Following up on yesterday’s post about the lack of progress in mental health treatment for people who need help now, Benedict Carey’s column illuminates the problem of prioritizing research over treatment when large numbers of people are struggling and in need of help.
Here in the SouthCoast, connecting people with the help they need when they need it became the foundation for launching Help & Hope Southcoast in 2020. There was a general feeling that the moment had come for mental health to come out from behind the labels and stigma, step into the light, and as Carey might say, focus on keeping people from drowning in their own mental and emotional pain.
The local organizations who participated in early discussions, many of them members of the Greater New Bedford Suicide Prevention Coalition, knew without a doubt that they could help more people if only they could reach them, convince them not to lose hope, and show them that help is available.
It’s one of the reasons we launched the Local Heroes series in our early days to begin to introduce people to the wealth of professional caregivers we have in this region. These Local Hero spotlights gave us a way to show the region the faces of area service providers and let them hear from them in their own words.
The premise is that it is so much easier to call someone you know, rather than dial a number and not know what to expect on the other end.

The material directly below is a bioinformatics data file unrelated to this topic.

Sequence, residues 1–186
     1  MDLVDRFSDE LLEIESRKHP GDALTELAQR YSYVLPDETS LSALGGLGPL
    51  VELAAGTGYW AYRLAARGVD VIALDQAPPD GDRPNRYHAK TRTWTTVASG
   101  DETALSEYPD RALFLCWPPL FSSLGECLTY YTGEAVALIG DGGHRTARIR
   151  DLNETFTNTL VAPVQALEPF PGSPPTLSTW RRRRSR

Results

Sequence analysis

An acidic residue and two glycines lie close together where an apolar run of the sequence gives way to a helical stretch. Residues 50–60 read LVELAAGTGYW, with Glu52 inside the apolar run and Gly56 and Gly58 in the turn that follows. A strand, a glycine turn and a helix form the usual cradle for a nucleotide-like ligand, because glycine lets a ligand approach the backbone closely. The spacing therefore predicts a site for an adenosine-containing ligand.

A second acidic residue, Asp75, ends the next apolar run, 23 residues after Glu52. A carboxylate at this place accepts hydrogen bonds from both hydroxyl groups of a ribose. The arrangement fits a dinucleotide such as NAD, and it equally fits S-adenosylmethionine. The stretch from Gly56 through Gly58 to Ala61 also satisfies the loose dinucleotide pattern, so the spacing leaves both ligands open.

When Carey writes, “good luck finding an authoritative guide to navigating the full range of appropriate options,” I know that here in the SouthCoast there is a way to make that process easier, beginning with Southcoast Resource Connect, the database of services maintained by Southcoast Health.
Beyond resource guides, there are local professionals who are working in their own ways to make access easier for SouthCoast residents.
First and foremost, if you are in crisis, Pam Bolarinho or Matt Boyd at the Child & Family Services Crisis Center are the people to call at 508-996-3154. Or, if you need to talk to someone, you can call Darcy Lee and her team of Samaritan Southcoast volunteers at 866-508-4357.
If you’re worried about a family member using substances, don’t be afraid to call New Bedford Police Outreach Coordinator, Sgt. Samuel Ortega, known as Sammy to local health care professionals, who coordinates a multidisciplinary team of people who go out and visit those in crisis with the sole goal of offering them the help they need.
In the New Bedford school system, Kathleen Mackenzie is working to help young children find mental health help by working on a process where those who struggle with mental health problems can be diagnosed in a more timely way. Currently, the average wait between the onset of symptoms for youth and a diagnosis is 10 or more years.
And, a new psychiatric chair at Southcoast Health, Dr. Paul Hammerness, plans to more seamlessly weave mental health treatment referrals into the hospital system’s primary care physician experience. When that happens, people will be able to ask for help as part of their routine physical exams in a private, effective way.
There are so many more organizations and professionals focused on connecting people with the help they need. It isn’t perfect, but the connections and collaboration between professionals and organizations in the SouthCoast has woven an effective safety net through the community specifically there to catch those who would otherwise fall through the gaps.
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